James Wilson’s strong opposition to the 1776 Republican Pennsylvania constitution, besides showing a switch to conservative views on his part, resulted in his removal from Congress the next year. In order to avoid the talk among his frontier constituents, James Wilson went to Annapolis for the winter of 1777 and 1778 and then went back to live in Philadelphia.
James Wilson confirmed his new political stance by identifying closely with the conservative and aristocratic republican groups, which multiplied his business interests, and accelerated his land speculation. James Wilson also took a seat as Advocate General for France in America between 1779 and 1783, where he dealt with maritime and commercial matters and defended Loyalists and their sympathizers in legal matters.
In fall 1779, during a time of food shortages and inflation, a mob of people which included militiamen led by radical constitutionalists, went out to attack the republican leadership. James Wilson was one of the prime targets of this attack. James Wilson as well as around 35 of his colleagues closed themselves in his home at Walnut and Third Streets, known after as “Fort Wilson.” During a short skirmish, many people on both sides were wounded or killed. The shock of the situation cooled sentiments and pardons were given all around, though there were many major political battles regarding the commonwealth constitution yet to come.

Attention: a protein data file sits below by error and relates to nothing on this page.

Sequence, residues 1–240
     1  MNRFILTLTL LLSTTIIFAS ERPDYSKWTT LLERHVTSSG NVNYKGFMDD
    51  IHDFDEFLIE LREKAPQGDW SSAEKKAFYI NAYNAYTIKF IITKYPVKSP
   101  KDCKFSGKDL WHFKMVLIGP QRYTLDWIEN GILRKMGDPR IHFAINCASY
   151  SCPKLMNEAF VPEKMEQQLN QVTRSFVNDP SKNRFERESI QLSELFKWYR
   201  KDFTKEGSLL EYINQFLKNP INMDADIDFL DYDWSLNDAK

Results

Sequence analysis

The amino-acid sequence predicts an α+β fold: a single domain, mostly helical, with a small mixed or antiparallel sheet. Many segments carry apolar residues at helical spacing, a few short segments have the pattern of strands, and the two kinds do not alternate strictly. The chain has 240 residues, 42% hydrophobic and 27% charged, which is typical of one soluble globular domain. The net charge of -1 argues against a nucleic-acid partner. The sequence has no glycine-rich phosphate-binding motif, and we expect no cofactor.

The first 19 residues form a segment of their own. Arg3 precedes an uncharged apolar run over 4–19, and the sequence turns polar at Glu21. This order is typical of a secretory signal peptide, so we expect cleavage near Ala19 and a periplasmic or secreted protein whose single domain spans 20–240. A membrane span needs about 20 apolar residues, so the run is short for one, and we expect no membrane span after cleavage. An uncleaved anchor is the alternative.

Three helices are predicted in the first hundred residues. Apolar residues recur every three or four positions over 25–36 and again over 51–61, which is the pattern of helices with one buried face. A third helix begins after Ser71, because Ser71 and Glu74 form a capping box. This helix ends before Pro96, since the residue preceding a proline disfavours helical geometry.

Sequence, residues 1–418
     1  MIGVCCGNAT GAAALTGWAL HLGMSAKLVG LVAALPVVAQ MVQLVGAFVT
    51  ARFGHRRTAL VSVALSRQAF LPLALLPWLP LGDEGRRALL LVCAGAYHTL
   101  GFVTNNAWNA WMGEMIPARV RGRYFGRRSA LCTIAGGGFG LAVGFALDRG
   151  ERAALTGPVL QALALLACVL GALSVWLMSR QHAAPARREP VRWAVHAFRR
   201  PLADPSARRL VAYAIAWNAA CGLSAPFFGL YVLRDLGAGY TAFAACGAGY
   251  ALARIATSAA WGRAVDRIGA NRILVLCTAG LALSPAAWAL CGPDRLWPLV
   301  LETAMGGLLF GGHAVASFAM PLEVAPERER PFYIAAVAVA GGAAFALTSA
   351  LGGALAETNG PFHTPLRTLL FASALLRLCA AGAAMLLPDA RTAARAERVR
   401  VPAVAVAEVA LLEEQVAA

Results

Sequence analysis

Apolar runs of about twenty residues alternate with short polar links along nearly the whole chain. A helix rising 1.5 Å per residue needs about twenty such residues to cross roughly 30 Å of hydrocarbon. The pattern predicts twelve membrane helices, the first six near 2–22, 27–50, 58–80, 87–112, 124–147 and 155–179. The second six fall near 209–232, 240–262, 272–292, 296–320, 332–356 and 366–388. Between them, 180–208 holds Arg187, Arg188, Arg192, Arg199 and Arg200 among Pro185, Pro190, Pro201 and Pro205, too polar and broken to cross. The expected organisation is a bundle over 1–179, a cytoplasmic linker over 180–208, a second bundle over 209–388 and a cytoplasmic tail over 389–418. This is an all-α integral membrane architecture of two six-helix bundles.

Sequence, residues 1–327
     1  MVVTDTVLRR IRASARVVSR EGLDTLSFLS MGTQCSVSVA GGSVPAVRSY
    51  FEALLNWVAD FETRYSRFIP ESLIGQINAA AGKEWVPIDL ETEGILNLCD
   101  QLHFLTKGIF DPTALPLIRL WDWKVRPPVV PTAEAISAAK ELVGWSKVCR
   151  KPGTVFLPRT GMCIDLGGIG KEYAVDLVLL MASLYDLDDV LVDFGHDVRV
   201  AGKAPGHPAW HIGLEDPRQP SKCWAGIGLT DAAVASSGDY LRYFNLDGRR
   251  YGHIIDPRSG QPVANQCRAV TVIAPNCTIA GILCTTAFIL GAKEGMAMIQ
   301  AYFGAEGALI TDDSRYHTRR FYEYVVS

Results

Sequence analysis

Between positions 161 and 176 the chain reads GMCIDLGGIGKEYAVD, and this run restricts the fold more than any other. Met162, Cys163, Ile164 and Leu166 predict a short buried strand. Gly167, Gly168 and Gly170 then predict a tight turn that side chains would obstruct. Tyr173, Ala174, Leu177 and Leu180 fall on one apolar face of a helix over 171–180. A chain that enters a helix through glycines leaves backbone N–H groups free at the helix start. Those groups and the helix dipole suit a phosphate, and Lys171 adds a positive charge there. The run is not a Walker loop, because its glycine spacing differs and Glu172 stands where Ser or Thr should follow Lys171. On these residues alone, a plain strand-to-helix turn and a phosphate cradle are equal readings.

In 1781, Congress appointed James Wilson as one of the directors of the newly founded Bank of North America, which was created by the legal client and close associate Robert Morris. In 1782, when the conservatives had regained a little of their political power, James Wilson was re-elected to Congress, where he served between 1785 and 1787.
James Wilson reached the highlight of his career in the 1787 Constitutional Convention, where his influence over the delegates was only second only to that of Madison. James Wilson rarely missed a session and sat on the Committee of Detail and applied his impeccable knowledge of political theory to many convention problems. Gouverneur Morris was the only person at the Constitutional Convention to give more speeches.